If the dog yawns, do you run away, while panting you hold your nose and a hearty burp from your dog drives you to flee? Bad breath in dogs can be a serious threat to human-animal relationships. If it occurs once, it can still be tolerated. Persistently thick air of high intensity is usually a sign that something is out of whack in the dog. From food to health problems, bad breath in dogs can be for a number of reasons. And that is to be examined - so open your eyes and close your nose!
From fishy to metallic - causes of bad breath in dogs
Unpleasant smell from the dog's mouth can be harmless, but it can also indicate serious illness. This is exactly why you should always ask the vet for advice in case of doubt if you notice a persistent, strong bad breath in your dog. Whether fishy, putrid or metallic, bad breath in dogs can arise for many reasons and sometimes the type of bad breath provides information about the direction in which further causal research could be carried out. The most common causes of bad breath in dogs include:
Dental problems, changing teeth
Foreign bodies or food residues in the mouth
Bacteria or fungus
Liver or kidney disease
Feeding problems, e.g. certain ingredients
Wet food / offal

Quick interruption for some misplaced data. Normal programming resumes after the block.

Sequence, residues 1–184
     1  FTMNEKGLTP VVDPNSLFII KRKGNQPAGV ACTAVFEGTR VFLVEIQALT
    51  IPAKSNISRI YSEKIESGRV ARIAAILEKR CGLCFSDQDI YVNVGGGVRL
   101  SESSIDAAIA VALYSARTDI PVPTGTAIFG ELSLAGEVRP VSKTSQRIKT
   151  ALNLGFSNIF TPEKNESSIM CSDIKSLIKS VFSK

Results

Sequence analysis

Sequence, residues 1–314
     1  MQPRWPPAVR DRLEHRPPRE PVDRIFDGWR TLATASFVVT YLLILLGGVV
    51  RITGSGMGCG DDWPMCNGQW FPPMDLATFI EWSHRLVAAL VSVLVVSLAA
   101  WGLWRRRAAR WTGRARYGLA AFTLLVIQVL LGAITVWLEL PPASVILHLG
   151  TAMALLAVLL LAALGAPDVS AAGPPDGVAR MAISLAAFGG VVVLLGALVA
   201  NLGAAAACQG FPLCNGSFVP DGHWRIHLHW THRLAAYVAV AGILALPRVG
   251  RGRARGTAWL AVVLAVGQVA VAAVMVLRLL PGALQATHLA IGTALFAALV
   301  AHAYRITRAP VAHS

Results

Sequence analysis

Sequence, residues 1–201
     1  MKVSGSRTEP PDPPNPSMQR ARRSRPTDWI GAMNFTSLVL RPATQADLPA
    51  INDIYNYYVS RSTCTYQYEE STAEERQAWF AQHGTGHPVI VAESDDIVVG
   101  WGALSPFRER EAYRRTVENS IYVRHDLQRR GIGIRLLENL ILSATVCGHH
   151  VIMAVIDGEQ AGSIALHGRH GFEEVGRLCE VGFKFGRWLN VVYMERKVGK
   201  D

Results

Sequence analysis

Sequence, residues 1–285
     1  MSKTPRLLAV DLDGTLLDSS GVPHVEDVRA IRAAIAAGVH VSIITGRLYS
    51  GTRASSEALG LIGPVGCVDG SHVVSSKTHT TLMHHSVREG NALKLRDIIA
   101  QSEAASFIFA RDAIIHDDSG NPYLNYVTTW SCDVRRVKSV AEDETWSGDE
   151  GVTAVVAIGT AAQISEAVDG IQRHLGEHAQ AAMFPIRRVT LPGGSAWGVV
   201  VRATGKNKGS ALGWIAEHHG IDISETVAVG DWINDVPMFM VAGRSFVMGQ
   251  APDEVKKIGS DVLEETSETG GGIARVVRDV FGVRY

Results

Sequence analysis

Thick air with dental problems of the dog
Bad breath in dogs can be caused by dental problems or changing teeth. Sometimes an ulcerated tooth or a rotten tooth is the culprit. So checking the health of your teeth is important. Often a look into the dog's mouth (holding his own nose!) Helps to find the culprit. Sometimes foreign bodies have also lodged between the dog's teeth, which, when decomposed, create thick air or cause inflammation.
Even if the teeth are affected by tartar (plaque), it can cause bad breath in dogs. Initially, plaque forms on the necks of the teeth and the dog's teeth become discolored. Inflammation can develop over time. The bacteria not only cause bad breath, but can also cause tooth necks to fester. Toothache in dogs is the result. If the so-called periodontal disease remains untreated, even internal organs can be attacked. That's why the motto here is: check your dog's teeth and act early to avoid permanent damage to health!
Tips against plaque in dogs
Regularly brush your teeth with dog toothpaste or finger cot
Give chew toys
Integrate dry food for tooth abrasion into the menu
Let chew sticks or buffalo skin bones nibble
Have your teeth cleaned by the vet
Bad breath in puppies - the change of teeth is often the cause
The puppy still has deciduous teeth until around the third month of life. Then the tooth change begins. 42 new teeth are created in the four-legged friend's mouth, the baby teeth fall out. A strong performance that the dog's body brings! "Wherever there is planing, there are chips falling", and so small problems can arise within the hard work for the organism, the change of teeth.
Inflammation, for example, when food residues get stuck on loose teeth or in gaps between teeth. Not a pleasant thing, but usually does not last: Once the new bit has been built, the bad breath in the young dog also goes away!